The casinos are something of a getaway destination for Northwest Minnesotans, Northeast North Dakotans and even Canadians from Winnipeg south to the U.S. border. The weekend undiscounted prices are not outrageous, but certainly no bargain. My buffet dinner featured an extensive salad bar, but the entrée choices were limited and not of the highest quality (the prime rib was just plain tough). On the other hand, the second casino where I stayed had a Sunday-Thursday special that offered one night’s heavily discounted hotel room in exchange for joining their Player’s Club (at no charge) and also receiving $10 in free gambling money, which I didn’t even use. The second casino’s restaurant was closed for remodeling, and there was only a limited menu at the snack bar. I suppose between the two casinos I averaged a reasonable price for the total of two nights. Still, I felt no incentive to return soon.

I respect and admire Native Americans, but I have to ask if relatively low-wage service jobs are their best prescription for the future. I’m not sure where this leads.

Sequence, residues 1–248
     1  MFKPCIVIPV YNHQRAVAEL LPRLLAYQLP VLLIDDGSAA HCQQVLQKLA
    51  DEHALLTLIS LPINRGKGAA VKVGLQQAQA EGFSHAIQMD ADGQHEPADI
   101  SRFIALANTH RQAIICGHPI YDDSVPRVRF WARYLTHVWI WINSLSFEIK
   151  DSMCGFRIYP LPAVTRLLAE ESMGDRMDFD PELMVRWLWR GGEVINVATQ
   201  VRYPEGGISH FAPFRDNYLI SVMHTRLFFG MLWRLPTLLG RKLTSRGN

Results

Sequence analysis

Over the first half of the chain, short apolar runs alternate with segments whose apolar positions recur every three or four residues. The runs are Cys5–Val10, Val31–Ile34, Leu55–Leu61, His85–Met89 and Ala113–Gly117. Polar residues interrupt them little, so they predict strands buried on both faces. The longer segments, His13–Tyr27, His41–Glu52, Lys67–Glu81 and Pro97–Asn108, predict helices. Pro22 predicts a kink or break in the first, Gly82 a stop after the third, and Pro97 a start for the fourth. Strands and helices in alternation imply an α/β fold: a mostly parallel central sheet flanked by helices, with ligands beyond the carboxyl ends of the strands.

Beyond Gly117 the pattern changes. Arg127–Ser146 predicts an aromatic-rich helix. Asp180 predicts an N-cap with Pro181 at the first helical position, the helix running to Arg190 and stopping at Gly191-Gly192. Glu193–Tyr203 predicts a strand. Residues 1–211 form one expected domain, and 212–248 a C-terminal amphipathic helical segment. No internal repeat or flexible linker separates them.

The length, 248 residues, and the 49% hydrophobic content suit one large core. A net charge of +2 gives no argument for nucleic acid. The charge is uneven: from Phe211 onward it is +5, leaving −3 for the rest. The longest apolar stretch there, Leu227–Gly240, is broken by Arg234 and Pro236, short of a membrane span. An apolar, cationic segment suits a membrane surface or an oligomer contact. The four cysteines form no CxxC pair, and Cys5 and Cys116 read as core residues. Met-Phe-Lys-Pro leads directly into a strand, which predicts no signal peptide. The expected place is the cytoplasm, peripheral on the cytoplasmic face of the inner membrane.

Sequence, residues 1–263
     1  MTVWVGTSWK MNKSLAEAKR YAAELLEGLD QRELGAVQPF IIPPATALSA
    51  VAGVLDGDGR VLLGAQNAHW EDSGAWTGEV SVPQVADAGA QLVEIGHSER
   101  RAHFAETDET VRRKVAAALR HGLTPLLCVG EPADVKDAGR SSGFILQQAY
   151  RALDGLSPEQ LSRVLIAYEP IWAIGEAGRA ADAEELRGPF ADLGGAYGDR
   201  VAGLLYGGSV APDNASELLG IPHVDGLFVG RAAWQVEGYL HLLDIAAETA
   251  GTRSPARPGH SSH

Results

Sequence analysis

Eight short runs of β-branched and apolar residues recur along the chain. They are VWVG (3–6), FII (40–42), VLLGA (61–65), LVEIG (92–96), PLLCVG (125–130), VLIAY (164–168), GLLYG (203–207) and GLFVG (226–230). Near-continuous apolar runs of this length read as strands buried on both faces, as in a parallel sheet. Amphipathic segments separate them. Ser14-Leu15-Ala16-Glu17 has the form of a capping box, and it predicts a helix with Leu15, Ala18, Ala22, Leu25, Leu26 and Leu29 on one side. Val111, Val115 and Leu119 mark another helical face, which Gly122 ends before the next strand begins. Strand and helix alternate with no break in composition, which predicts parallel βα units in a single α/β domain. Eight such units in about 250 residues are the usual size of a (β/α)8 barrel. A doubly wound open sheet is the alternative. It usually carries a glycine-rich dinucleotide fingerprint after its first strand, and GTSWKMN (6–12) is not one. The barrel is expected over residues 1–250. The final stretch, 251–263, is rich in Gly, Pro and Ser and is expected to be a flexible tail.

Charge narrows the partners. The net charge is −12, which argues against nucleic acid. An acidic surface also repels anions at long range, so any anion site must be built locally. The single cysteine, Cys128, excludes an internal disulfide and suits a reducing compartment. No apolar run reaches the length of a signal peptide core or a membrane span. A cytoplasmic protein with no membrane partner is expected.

The coincidence of the week concerns two cyclists and Warm Showers hosts in Thief River Falls, Minnesota, Glen and Darby Kajewski. When I contacted them, they said they had already heard about my trip and would have been anxious to host me. However, they would be out of town on the very days I would be there. I thanked them in an email and said I was sorry about the missed opportunity to meet.

On the day I rode from Detroit Lakes, Minnesota, to the casino at Mahnomen, a red pickup truck coming the other way slowed and then stopped. The driver asked if I were Bill. Of course it was my would-be hosts Glen and Darby, who were on their way to destinations south. We stopped and happily chatted, visiting like friends who knew each other. They made recommendations about people to see in Thief River Falls, where I would be three nights later, and we parted with photos and smiles.

You just never know who you will run into and when.

Ride on!

 

At the edge of the Minnesota north woods:

 

The shore at the popular lakeside resort community of Detroit Lakes, Minnesota, still more than a month away from the beginning of the tourist season: